book-cover

A short while later, Stanis auditioned for the role of “Thelma.” Then the waiting began. Eventually, the good news came. “I was out at the store that day,” Stanis said. “I remember when I came home my mother was sitting on the couch and she had this look on her face. I said, ‘What?’ and she said, ‘You got it! They picked you for Thelma.’ I kept saying, ‘Really, Ma? They picked me! They picked me?”

As Stanis fondly recalled that moment, her voice subdued by her hallmark youthful energy, I found myself having quite a surreal experience. I felt transported back to “Good Times,” talking to “Thelma.” When I shared that personal moment, her laughter was infectious. But there was another time, when someone else made a comment about her “Good Times” character, that Stanis found heart wrenching.

She had already noticed that her mom was beginning to confuse things, an indication that something was surely amiss. Yet, this particular occurrence was especially alarming. Enamored with “Thelma’s” presence on the screen, yet oblivious for the moment that it was her very own daughter, Stanis’s mother said, “That’s a cute little old girl.” The culprit was Alzheimer’s. There had been earlier signs. “I noticed that something was going on,” Stanis said, “when she came to a play that we had done and she wasn’t ‘put together,’ the way I know my mother can be. She was speaking well and nothing else seemed to be wrong. The only thing that was wrong was that her outfit wasn’t right.”

Such began a circuitous journey best defined by unique, unprecedented challenges, escalating frustrations, and exquisite memories that will forever linger in the passionate actress’s soul and her spirit. “I was praying all of the time,” Stanis said, “that I would find an answer to the problem that Mommy was having. I couldn’t find an answer to this Alzheimer’s thing. They kept saying, ‘There’s no cure. There’s no cure.’ And I’m thinking, she’s doing better. She’s looking healthy. Things like that. I was determined. I just couldn’t believe that any disease could do this. There’s got to be an answer. I was looking every day, day and night, and the answer was always the same.”

Alzheimer’s assault was relentless and methodical. It took its toll on both the actress and her mother, especially in her more lucid moments, and Stanis didn’t always mask her angst as well as she thought. “There were times that she would grab my hands and say, ‘Thank You!’ I know she knew that it was hard on me, but she was there with me. I remember one day I said to her, ‘Mom, we used to talk about everything’ and she looked at me and she said, ‘I’m still here.’” Five years to the day that Eula Stanis spent her last full night on Earth, her daughter and I spent an hour talking about her. Stanis shared some very private, very special moments.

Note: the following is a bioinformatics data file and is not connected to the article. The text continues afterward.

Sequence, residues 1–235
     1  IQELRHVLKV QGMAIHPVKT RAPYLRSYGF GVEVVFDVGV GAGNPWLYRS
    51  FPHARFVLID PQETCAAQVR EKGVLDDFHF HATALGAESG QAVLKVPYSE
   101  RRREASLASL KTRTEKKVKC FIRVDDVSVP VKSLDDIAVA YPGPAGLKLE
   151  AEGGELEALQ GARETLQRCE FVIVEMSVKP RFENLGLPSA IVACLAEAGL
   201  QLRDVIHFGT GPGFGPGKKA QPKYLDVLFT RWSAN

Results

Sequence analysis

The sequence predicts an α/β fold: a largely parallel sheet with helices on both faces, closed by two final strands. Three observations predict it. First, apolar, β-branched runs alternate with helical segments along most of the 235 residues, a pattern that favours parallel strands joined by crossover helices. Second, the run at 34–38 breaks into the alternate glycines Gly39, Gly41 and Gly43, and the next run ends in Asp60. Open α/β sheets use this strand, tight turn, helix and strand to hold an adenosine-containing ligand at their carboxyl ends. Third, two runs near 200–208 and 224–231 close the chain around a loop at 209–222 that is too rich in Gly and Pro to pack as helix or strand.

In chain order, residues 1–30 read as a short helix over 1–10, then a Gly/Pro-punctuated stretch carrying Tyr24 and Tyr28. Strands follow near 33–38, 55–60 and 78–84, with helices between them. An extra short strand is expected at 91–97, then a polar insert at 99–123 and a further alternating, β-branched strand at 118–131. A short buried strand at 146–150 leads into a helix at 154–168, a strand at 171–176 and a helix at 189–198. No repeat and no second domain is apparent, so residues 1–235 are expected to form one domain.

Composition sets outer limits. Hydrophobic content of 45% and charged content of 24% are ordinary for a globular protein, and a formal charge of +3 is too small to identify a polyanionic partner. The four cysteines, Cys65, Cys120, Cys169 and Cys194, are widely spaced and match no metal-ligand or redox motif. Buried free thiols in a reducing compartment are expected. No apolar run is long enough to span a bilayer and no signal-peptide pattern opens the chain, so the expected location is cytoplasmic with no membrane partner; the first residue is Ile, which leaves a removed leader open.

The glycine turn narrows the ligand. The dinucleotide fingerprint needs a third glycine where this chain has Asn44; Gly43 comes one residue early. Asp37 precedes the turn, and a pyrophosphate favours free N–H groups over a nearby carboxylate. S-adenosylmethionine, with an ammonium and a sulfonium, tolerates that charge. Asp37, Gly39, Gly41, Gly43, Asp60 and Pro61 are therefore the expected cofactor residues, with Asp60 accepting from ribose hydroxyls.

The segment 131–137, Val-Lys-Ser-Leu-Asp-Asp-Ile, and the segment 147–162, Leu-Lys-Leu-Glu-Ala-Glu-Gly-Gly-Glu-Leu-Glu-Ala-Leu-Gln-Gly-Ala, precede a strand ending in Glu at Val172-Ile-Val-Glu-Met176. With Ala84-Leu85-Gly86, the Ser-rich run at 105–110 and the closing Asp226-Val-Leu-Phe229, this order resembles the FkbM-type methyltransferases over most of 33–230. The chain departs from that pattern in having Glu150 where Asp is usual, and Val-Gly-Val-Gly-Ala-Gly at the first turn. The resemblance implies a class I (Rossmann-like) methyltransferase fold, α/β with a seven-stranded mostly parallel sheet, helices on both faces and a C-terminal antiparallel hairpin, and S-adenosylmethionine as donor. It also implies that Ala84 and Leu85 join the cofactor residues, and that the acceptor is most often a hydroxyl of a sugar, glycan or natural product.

She and her two daughters had visited her mother in her hospital room. “When the moment came that it was time,” Stanis recalled, “my daughter said, ‘Mommy, she’s not looking at anything. She’s looking through things.’ We had given her a picture of Jesus. I said, ‘Show her the picture of Jesus.’ She said, ‘Mommy, she’s looking through it.’ I said, ‘Show her the picture of Mary. She loves Mary. She said, ‘Mommy she’s looking through it. Look, Mommy! Her eyes are funny.’ So I went around to the other side of the bed and I looked in her eyes and I could see the yellow coming and a little bloodshot coming and she was looking all around. It was like she was looking in amazement, like she was looking and she saw something. I’m looking at her and I said, ‘Oh, My God! I think she’s looking at the real thing and I knew it was the moment of truth. This was it. I started to talk and I said, ‘Mommy, I love you! I love you! I love you!’ I said it a hundred times.

“I said, ‘We had fun!’ I wanted to use the words ‘Good Times.’ I said, ‘We had a GOOD time! But it’s not over yet.’ I don’t know why I said that, but I said, ‘It’s not over yet.’ And then she left. That was 4 o’clock in the morning, on the 6th.” BernNadette Stanis’s mother passed on October 6, 2011. But her spirit lives on in her extraordinary daughter and can also be found in the pages of “The Last Night: A Caregiver’s Journey through Transition and Beyond.” It can be ordered at www.thelmaofgoodtimes.com. You really should pick-up a copy. If you loved “Thelma” from “Good Times,” wait until you really get to know BernNadette.